Minority Report Review

by Homer Yen (homer_yen AT yahoo DOT com)
June 24th, 2002

"Minority Report" is a Major Accomplishment
When Steven Spielberg is at the top of his game, he creates wondrous stories that spark the imagination and inspire us with child-like awe. When Tom Cruise is at the top of his game, he brings wit and determination and soul to his character. They are both at the top of their games, and they bring to us a futuristic thriller that can do no wrong.

In the year 2054, a boon to crime fighting has arisen thanks to three prescient beings (known as "Pre-Cogs") that can foresee future murders before they happen. A complex computer apparatus that incorporates biotechnological mechanisms projects and records their images of murders to come. The police from the Department of Pre-Crime instantly mobilize to prevent it from ever happening.

"There hasn't been a murder in six years. The system is perfect," exclaims John Anderten (Tom Cruise), Chief of the Department of Pre-Crime. However, his unbridled belief in the system is making him dangerous to some for reasons that are not immediately clear. An apparent conspiracy arises as the "Pre-Cogs" label him as a future murderer. The victim is someone that Anderten doesn't even know, but his destiny has been sealed and he can't change the future. Or can he?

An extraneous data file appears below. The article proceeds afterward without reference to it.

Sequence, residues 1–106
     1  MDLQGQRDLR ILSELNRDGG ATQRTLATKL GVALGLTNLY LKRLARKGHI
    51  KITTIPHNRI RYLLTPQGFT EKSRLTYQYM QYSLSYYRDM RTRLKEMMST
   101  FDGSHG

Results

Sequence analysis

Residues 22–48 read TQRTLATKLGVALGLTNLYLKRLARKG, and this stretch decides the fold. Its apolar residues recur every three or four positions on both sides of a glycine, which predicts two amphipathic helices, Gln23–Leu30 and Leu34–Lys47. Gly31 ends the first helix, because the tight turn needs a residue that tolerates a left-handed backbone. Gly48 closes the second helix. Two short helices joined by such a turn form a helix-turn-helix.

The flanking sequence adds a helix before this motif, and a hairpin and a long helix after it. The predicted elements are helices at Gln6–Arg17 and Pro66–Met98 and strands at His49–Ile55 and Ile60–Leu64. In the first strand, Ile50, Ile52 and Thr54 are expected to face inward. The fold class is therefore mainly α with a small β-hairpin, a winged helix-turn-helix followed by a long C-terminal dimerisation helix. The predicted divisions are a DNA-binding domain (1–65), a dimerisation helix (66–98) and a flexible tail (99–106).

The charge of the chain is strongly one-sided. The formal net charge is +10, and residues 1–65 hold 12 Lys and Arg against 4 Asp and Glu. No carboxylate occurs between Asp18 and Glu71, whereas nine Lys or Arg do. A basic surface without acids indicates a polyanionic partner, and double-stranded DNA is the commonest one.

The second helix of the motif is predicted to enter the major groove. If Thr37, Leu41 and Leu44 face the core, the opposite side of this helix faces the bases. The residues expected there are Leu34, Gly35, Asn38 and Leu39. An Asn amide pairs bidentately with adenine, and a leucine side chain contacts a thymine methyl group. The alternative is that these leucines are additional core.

Anderten goes on the run in an effort to clear his name and to get to the bottom of this engrossing mystery. He elicits the help of many, including his indomitable Director (Max Von Sydow) and even Agatha (Samantha Morton) who is the lead Pre-Cog. Meanwhile, the department, now headed by a hungry bureaucrat (Collin Farrell), deploys officers and futuristic machinery to hunt him down.

While the mystery holds you to the very end, we are treated to lots of other superb filmmaking touches that enhance the movie watching experience. Characters are well developed. Anderten is much more than a high-flying cop and Agatha is more than a gifted soul. They are each scarred in some way. Their partnership looks and seems unlikely but each holds the key to the other's salvation.

The visualizations are stunning. The cinematography, sometimes grainy and sometimes bleached, adds to the aura of a future marred with uncertainty and distrust. The metropolis of the future is incredibly realized. It features a highway system that runs horizontally AND vertically. There's a definite sense of Big Brother watching you, as privacy seems to no longer exist. Once you walk into a clothing store, for example, an image greets you by name. The only way to remain incognito, it seems, is to rip one's own eyes out!

Savvy direction really elevates this film. We see it in many incredible sequences. Of note are the robotic spiders that infiltrate a building in an effort to find Anderten. Another is a memorable pursuit through a busy mall where Agatha uses her cognitive abilities to help Anderten allude capture. The timing and choreography of all this must be incredibly difficult, but the end result looks seamless. The 'wow' effect is high.

There is such gratification that arises from watching a film like "Minority Report" that you would be hard pressed to find a more complete movie this year. It is an orgy of plot, action, and ideas. It has the sustained feel of a clever whodunit; it showcases stellar action sequences that are tense and sublime; and it offers a peek into a possible future that stretches the imagination without feeling improbable.
Grade: A

S: 0 out of 3
L: 2 out of 3
V: 2 out of 3

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